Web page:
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Critical Reviews™ in Neurobiology

ISSN Print: 0892-0915

Archives: Volume 10, 1996 to Volume 20, 2008

Critical Reviews™ in Neurobiology

DOI: 10.1615/CritRevNeurobiol.v11.i2-3.20
pages 121-142

Dopamine D2 Receptors in Signal Transduction and Behavior

Roberto Picetti
Institut de Génetique et de Biologie Moléculaire et Cellulaire, CNRS/INSERM/ULP, BP163 67404 lllkirch Cedex, C.U. de Strasbourg, France
Adolfo Saiardi
Institut de Génetique et de Biologie Moléculaire et Cellulaire, CNRS/INSERM/ULP, BP163 67404 lllkirch Cedex, C.U. de Strasbourg, France
Tarek Abdel Samad
Institut de Génetique et de Biologie Moléculaire et Cellulaire, CNRS/INSERM/ULP, BP163 67404 lllkirch Cedex, C.U. de Strasbourg, France
Yuri Bozzi
Institut de Génetique et de Biologie Moléculaire et Cellulaire, CNRS/INSERM/ULP, BP163 67404 lllkirch Cedex, C.U. de Strasbourg, France
Ja-Hyun Baik
Laboratory of Molecular Biology, Medical Research Center, College of Medicine-Yonsei University, Seoul, South Korea
Emiliana Borrelli
Institut de Génetique et de Biologie Moléculaire et Cellulaire, CNRS/INSERM/ULP, BP163 67404 lllkirch Cedex, C.U. de Strasbourg, France

ABSTRACT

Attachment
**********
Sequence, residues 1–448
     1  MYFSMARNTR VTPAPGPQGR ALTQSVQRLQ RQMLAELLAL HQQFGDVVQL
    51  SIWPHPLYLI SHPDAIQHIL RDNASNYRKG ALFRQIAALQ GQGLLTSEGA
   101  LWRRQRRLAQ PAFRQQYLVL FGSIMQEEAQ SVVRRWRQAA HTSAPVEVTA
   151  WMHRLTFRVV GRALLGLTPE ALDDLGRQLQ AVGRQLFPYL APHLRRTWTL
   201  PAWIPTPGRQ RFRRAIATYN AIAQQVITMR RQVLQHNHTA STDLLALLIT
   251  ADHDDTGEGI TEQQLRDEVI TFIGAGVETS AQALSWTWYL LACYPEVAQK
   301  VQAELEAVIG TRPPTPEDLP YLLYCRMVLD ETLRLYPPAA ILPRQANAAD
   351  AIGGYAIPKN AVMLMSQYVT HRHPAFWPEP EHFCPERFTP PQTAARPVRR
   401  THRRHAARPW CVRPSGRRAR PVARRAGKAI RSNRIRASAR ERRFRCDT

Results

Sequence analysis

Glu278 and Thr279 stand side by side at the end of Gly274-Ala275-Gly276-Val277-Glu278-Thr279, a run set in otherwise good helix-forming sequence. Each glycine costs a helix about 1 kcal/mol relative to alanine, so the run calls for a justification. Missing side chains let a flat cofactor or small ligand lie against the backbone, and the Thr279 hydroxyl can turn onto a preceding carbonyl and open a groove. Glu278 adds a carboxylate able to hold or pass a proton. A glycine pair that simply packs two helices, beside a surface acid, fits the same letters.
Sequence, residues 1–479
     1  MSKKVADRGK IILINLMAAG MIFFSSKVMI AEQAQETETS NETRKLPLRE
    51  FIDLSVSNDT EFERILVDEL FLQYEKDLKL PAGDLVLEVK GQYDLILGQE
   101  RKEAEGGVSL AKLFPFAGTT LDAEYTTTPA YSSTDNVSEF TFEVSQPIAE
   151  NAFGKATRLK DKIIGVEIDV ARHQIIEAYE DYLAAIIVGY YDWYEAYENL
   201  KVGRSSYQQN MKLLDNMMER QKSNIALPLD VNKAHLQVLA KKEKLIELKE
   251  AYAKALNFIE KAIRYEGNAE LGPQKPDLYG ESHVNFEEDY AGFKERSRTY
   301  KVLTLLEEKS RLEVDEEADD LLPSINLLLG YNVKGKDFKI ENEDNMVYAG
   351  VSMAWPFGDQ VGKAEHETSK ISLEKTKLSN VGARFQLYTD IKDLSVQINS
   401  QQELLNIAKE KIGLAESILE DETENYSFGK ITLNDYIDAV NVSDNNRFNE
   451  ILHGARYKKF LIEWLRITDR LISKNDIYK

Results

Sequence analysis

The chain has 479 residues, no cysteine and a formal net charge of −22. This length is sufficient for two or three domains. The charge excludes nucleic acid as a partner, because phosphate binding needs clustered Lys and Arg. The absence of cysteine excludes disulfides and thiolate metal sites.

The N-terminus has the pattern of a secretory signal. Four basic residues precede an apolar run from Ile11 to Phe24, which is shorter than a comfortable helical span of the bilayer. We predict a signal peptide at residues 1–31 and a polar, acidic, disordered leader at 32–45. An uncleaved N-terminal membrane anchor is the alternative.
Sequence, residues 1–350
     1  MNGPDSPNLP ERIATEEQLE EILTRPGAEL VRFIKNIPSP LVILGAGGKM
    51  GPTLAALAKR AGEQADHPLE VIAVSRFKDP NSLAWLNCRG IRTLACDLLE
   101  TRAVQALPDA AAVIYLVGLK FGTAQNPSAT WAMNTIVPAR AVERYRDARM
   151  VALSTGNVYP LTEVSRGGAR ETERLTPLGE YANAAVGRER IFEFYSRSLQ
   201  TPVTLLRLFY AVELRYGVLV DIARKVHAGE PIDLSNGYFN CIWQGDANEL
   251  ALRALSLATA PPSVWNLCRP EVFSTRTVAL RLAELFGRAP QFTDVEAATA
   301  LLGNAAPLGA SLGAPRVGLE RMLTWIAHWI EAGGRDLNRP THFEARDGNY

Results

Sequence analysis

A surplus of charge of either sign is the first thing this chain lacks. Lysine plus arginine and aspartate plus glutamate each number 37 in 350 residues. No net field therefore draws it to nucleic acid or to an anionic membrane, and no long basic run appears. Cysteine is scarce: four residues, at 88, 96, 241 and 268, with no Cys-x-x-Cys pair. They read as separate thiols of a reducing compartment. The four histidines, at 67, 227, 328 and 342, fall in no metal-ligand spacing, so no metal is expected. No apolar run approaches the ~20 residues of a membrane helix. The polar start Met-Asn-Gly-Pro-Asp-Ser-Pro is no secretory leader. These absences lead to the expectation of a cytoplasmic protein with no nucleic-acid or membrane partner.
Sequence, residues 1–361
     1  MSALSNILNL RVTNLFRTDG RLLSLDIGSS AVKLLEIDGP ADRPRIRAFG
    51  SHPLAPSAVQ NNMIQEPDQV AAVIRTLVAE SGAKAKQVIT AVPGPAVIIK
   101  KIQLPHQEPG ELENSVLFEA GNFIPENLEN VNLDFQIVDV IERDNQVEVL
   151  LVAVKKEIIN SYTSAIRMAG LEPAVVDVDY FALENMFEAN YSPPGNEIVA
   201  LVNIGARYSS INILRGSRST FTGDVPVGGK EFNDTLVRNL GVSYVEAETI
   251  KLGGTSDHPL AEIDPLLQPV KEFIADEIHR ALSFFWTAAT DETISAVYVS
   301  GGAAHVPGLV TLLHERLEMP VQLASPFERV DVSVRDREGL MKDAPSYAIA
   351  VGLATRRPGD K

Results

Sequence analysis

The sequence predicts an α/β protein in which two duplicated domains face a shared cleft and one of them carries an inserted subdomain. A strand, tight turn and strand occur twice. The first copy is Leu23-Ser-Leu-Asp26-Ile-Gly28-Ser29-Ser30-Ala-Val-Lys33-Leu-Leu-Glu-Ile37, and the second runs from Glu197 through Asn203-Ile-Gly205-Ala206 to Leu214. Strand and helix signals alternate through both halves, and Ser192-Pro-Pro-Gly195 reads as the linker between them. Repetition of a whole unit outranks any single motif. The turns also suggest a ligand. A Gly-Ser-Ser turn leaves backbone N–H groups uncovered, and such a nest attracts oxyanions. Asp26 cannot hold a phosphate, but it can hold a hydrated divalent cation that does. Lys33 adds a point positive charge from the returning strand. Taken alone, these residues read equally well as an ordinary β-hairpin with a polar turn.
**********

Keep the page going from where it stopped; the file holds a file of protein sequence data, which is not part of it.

The dopamine D2 receptor belongs to the family of seven transmembrane domain G-protein-coupled receptors and is highly expressed in the central nervous system and the pituitary gland. The binding of dopamine to the D2 receptor is crucial for the regulation of diverse physiological functions, such as the control of locomotor activity and the synthesis of peptide hormones. Two alternatively spliced transcripts are generated from the D2 receptor gene and code for the D2L and D2S isoforms, which are 444 and 415 amino acids in length, respectively. These isoforms exhibit similar pharmacological characteristics and are expressed in the same cell types, with a ratio that normally favors expression of the longer isoform. The D2L isoform differs from D2S by the insertion of 29 amino acids in the putative third intracellular loop of the receptor. This loop is involved in the coupling of the receptor to different G proteins. Experiments have shown that the D2 isoforms have different G-protein-coupling affinities, suggesting that these receptors might serve different functions in vivo. Additionally, this difference in coupling affinity could be a mechanism to amplify the signal transduced by the binding of dopamine to D2 receptors. Important insights into D2 receptor function in vivo have been obtained by knocking out the D2 gene in mice. The Parkinsonian-like phenotype of D2-null mice demonstrates the importance of the D2 receptor for locomotor function.